While Sony increases number of lenses for their E-mount to respectable amount, but many of those are covering same range (Sigma 30/2.8, Sony SEL 35/1.8, Zeiss Touit 32/1.8, Sony SEL 30/3.5 macro e.g.),Samsung worked silently but hardly to deliver some really nice lenses and build entire line without obvious holes. Some of their lenses are considered to be magnificent, such as cheap 30/2 pancake, 60/2.8 macro or 85/1.4. Here is the list of available Samsung lenses for X system from their brochure (sorry for low quality scan)
But that’s not all. On Photokina 2014, Samsung introduced two professional grade zooms – 16-50 f/2-2.8 and 50-150 f/2.8 both stabilized and Super telephoto lens 300/2.8.
With those lenses and their previous collection, Samsung NX become a full and respectable APS-C system and Samsung certainly denied any doubts about its commitment to the NX line.
I will try to get all three lenses for the review and I hope to make it as soon as possible.
9. My hands-on conclusion
To go around every feature than new Samsung NX1 brought, will take much more time and space, and I will leave that for a thorough review, once I got a test camera.
With Sony moving its focus toward ILC full frame cameras, Ricoh/Pentax playing with GoPro alternatives and outdoor compacts, and Oly/Panasonic fighting, hard to win battle, of saving m4/3 format (despite its obvious advantages for many users), I can see two (and half if Sony gets back) serious contenders for the crown of APS-C ILC king – Fuji and Samsung.
Samsung NX1, at least on paper puts the bar very high, and I was honestly impressed with almost all that I have seen on Photokina 2014.
With a new flash and professional zooms, with a new super high-res BSI sensor (in today standards :-)), blazingly fast quad core processor, great LCD, EVF and top display, and latest wireless and connectivity technologies, there is very few things that seems forgotten. NX1 is robust, advanced enthusiasts and even pro oriented camera, that can bring Samsung great success.
I certainly wish them so, because you can almost feel how much effort and dedication they’ve put in this products. Good luck Samsung!
10. Specification (from Samsung brochure)
Thanks for reading and comments.
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Nice article. I was at Photokina as well, but my experience was quite different. I found the af-c terrible. It was constantly hunting (I’m used to my gh4, which seems so much faster and precise). Besides the 15fps burst was usable for barely 1 second before lockup and the buffer clear was painfully slow. Most pictures taken in the burst (lady on the swing) were completely out of focus.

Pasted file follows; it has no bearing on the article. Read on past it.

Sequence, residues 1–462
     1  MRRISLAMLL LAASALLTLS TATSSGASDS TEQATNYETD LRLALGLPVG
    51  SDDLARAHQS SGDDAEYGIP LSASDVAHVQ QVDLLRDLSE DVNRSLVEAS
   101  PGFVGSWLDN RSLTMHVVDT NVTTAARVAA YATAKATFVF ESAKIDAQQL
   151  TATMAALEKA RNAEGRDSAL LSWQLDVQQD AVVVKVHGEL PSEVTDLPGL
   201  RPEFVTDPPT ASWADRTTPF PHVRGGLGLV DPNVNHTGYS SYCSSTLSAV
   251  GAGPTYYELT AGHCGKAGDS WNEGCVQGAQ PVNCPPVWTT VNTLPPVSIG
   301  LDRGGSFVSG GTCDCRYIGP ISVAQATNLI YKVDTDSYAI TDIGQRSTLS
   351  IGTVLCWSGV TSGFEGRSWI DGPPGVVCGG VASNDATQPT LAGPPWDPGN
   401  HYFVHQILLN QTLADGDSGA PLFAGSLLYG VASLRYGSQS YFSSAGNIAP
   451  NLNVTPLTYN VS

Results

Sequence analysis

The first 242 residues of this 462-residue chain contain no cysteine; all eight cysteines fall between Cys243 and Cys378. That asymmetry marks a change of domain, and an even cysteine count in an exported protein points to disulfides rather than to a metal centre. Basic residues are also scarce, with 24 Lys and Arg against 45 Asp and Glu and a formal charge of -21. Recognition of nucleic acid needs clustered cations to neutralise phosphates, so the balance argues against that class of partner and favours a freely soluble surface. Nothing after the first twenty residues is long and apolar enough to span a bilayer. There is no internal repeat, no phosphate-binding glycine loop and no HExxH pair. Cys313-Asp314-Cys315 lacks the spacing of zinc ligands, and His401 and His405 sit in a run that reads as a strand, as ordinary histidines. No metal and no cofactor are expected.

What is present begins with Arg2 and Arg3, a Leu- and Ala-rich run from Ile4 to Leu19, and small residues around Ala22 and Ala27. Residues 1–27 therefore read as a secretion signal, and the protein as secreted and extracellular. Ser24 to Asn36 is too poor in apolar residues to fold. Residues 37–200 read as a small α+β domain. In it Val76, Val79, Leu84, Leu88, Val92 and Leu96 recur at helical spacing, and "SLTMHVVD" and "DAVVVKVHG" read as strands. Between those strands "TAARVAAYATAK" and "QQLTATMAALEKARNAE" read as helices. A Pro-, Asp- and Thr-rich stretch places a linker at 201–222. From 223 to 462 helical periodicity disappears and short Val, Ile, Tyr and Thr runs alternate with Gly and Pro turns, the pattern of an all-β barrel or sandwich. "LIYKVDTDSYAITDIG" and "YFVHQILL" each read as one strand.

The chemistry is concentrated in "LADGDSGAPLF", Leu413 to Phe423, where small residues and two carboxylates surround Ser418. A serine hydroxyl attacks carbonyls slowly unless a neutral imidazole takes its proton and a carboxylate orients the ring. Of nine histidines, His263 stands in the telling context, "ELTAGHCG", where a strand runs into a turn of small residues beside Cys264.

It seems to me that Samsung is really behind competitors (at least Panasonic, Olympus, Sony and Fuji) and tries to push on raw specifications to impress the gear heads….
I doubt this camera will sell at the requested price and I’m quite sure it will get several bad reviews.
Don’t forget that your GH4 has larger DOF at comparable FOV and f-stop and thus focusing is easier and can be perceived as sharper. I don’t know your settings (on GH4) but on Photokina lot of people (including myself) changed the settings of NX1 all the time, so you could have something set wrong (long shutter speeds), too high ISO, eye or face foucs that wasn’t able to lock-on. I spent over 1 hour trying to find best setťings (not knowing the camera UI), until I got almost all shots in focus on one of the moving models. (I used 16-50/2,8 and lens can affect resulting focus too).
GH4 is nowhere near in specification to NX1, and with a smaller sensor it is comparable probably only in price, but we should wait for official reviews to see if Samsung specification is close to reality.
Don’t forget that you were trying cameras with no final firmware and with probably slow SD cards.
On contrary, I believe in rather positive reviews of NX1, from independant reviewers (not too many those days…)
Thanks for the comment,
Thanks for your reply. Actually nx1 was the main reason for me to go at photokina. I wanted a camera with larger sensor and decent lenses to complement my m4\3 setup.
After trying myself, I asked a guy at the booth to set the camera for the best possible AF experience. He told me that my settings were already the best. So I was very, very disappointed.